The process I used was called “Water Gilding”. It’s essentially the
same process that is used to create silvered, reflective lettering on
shop windows. You need some silver or gold leaf - real or artificial,
it’s up to you. I used white gold leaf because I wanted everything to
be “real”, but it doesn’t affect the final appearance.
The leaf is exceedingly thin and just about impossible to handle
with fingers - it just disintegrates into powder. The leaf is
available in two principal forms: standard and patent (aka transfer).
Transfer (patent) leaf is easier to handle because it is attached to
thin tissue paper with a very mild adhesive. This CANNOT be used for
water gilding. You need the standard type.
The standard leaf is supplied as 80mm square sheets between the
pages of little booklets of tissue paper. The booklets usually
contain 25 leaves.
You will also need a “gilder’s pick” with which to handle the leaf.
It’s a sort of wide brush with rather soft bristles.
You use it pick the leaf up without damaging it. If you have greasy
hair, you just brush the pick on your hair to charge it with a TINY
amount of grease, or you can rub a smear of Vaseline onto the back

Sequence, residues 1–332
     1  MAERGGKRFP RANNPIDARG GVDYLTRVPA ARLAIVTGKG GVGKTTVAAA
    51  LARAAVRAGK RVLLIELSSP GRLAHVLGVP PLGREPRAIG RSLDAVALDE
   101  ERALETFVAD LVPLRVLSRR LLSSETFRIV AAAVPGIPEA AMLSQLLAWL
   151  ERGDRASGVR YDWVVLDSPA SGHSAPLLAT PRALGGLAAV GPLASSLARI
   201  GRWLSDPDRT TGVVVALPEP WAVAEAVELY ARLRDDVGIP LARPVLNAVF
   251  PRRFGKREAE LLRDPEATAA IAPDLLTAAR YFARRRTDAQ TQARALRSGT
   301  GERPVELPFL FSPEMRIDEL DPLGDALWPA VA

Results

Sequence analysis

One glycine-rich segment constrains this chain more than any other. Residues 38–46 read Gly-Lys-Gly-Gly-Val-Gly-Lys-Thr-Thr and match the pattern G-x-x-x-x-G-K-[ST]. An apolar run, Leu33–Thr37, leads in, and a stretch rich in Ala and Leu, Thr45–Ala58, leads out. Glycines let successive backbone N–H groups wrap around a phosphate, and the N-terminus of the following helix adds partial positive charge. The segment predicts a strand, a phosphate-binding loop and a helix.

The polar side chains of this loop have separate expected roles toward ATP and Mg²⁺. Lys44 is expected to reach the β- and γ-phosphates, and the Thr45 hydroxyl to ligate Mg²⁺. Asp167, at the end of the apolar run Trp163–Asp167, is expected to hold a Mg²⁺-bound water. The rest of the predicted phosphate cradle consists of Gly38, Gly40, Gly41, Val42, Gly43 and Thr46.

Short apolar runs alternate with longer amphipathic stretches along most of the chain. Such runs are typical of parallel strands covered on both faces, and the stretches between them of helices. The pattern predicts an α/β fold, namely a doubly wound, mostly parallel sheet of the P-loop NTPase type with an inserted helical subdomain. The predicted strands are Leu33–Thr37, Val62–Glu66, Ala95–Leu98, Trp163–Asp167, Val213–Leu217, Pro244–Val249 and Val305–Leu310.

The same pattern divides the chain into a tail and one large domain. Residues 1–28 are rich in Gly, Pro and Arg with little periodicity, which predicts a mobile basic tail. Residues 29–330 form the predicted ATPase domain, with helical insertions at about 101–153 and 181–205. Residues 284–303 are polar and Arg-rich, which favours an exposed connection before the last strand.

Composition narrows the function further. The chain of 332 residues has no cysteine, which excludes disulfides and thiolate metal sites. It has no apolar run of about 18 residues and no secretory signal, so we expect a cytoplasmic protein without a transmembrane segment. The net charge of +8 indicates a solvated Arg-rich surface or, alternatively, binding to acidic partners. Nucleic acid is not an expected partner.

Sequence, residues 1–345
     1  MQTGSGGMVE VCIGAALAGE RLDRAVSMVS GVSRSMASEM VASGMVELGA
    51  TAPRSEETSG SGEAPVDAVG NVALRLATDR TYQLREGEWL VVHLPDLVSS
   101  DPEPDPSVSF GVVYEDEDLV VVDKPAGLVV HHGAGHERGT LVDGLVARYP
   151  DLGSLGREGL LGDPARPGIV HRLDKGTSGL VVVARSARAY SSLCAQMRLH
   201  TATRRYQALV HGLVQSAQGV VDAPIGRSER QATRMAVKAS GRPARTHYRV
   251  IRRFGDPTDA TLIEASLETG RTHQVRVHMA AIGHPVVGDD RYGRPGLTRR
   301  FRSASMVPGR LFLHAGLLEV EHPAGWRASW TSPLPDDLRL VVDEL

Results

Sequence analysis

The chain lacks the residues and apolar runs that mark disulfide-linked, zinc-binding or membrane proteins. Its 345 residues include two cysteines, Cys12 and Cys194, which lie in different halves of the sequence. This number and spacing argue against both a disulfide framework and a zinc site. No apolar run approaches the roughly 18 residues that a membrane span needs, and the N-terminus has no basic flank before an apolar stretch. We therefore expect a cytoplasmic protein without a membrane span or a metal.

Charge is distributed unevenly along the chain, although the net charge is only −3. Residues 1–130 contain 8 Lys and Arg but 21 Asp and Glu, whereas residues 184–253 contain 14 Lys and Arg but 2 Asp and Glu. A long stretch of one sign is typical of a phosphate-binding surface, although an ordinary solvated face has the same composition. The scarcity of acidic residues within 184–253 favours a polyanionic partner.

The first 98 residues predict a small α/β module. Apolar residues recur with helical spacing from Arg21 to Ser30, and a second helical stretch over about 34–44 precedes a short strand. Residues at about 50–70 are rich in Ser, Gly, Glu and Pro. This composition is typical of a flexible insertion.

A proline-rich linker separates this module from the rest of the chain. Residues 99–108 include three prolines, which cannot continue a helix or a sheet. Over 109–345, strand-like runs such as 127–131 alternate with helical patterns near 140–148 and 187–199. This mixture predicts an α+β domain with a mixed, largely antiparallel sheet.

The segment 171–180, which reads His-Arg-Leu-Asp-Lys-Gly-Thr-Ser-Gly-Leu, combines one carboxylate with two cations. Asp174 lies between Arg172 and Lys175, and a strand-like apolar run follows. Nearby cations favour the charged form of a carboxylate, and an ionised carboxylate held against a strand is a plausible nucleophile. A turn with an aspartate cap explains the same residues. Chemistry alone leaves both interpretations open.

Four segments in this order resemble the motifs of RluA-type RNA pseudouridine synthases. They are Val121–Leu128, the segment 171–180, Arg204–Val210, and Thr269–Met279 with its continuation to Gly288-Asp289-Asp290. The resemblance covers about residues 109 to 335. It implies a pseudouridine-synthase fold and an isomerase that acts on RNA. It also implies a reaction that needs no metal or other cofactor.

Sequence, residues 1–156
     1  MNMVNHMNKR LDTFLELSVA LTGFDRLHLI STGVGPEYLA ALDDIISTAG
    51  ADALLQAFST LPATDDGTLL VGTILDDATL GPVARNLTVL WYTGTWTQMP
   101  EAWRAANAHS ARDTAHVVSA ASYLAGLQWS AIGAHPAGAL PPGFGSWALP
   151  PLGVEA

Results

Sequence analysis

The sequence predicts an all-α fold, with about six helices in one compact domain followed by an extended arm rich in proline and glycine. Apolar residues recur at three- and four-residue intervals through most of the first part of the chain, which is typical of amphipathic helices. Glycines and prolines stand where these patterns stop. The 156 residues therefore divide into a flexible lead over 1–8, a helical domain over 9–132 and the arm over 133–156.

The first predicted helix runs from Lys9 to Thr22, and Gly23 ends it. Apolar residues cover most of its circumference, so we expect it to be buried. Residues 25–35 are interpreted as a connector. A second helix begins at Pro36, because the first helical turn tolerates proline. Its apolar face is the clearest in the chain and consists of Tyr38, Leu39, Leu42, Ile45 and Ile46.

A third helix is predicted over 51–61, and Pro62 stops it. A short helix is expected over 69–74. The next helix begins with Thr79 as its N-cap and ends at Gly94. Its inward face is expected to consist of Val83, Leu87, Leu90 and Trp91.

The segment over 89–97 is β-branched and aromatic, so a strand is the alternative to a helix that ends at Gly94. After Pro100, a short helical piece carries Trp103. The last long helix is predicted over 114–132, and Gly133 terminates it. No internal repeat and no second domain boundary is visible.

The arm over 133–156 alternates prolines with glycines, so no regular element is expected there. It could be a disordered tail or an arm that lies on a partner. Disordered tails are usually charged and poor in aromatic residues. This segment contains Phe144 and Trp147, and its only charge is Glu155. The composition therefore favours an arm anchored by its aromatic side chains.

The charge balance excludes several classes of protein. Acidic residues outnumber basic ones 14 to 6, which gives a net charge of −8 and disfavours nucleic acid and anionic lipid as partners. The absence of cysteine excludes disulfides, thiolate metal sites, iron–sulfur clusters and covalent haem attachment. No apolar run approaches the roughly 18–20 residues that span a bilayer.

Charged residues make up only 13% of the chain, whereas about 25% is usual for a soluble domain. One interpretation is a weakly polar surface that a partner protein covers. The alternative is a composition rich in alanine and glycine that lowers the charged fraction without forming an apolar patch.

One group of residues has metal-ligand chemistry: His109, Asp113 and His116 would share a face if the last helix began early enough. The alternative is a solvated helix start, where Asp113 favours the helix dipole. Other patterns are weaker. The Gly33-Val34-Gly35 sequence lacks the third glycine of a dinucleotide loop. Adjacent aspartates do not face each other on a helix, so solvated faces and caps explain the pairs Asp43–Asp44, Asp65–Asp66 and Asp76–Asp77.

of your hand and charge the pick from the back of your hand.
Finally you will need one or more gelatin capsules. They are rather
like empty medicine capsules, see…
I dissolved a single capsule in 125ml of warm water to make a very
watery adhesive. It’s so watery it looks like it will do nothing
useful at all.
I cut an oval hole in a small sheet of cardboard, just smaller than
the oval stone I wanted to gild, and then put a couple of strips of
Sellotape (Scotch Tape) across the hole. The clean stone was then
placed, face down, in the hole, where it was secured by the
Sellotape. I then sloshed some of the gelatin solution on the back of
the stone, picked up a sheet of leaf with the pick, and placed it on
the stone where it was immediately sucked onto every surface.
Unfortunately, my first attempt was not a great success; the leaf
tore a little on one side of the stone, so I wiped it all off and
analysed what I’d done wrong.
I’d held the booklet to one side of the stone and used the pick to
drag the leaf off of the booklet page, across the stone. That was the
mistake! I should have held the booklet directly over the stone,
then picked up the edge of the leaf with the pick and dragged the
booklet away from the pick, thus allowing the leaf to fall gently
onto the stone. That worked a treat, and when the adhesive had dried
I ended up with the gilded stone as shown in this photo…
It shows the gilded stone, still fixed to the cardboard, with the
extraneous leaf adhering to the cardboard.
I then painted the dried leaf with gold paint to protect it from
abrasion when the brooch was used.
When the paint was dry I removed the stone from the cardboard and
carefully scraped away any paint and leaf that had found its way to
the front of the stone. Here I got a surprise. The paint itself
scraped away very easily, but bits of leaf were VERY tenacious and
took a lot of scraping to remove.
The following video shows an expert water gilding a picture frame.
The important bit to note is the way the booklet is moved rather than
the pick, thus allowing the leaf to fall into place rather than being
dragged into place.
Regards, Gary Wooding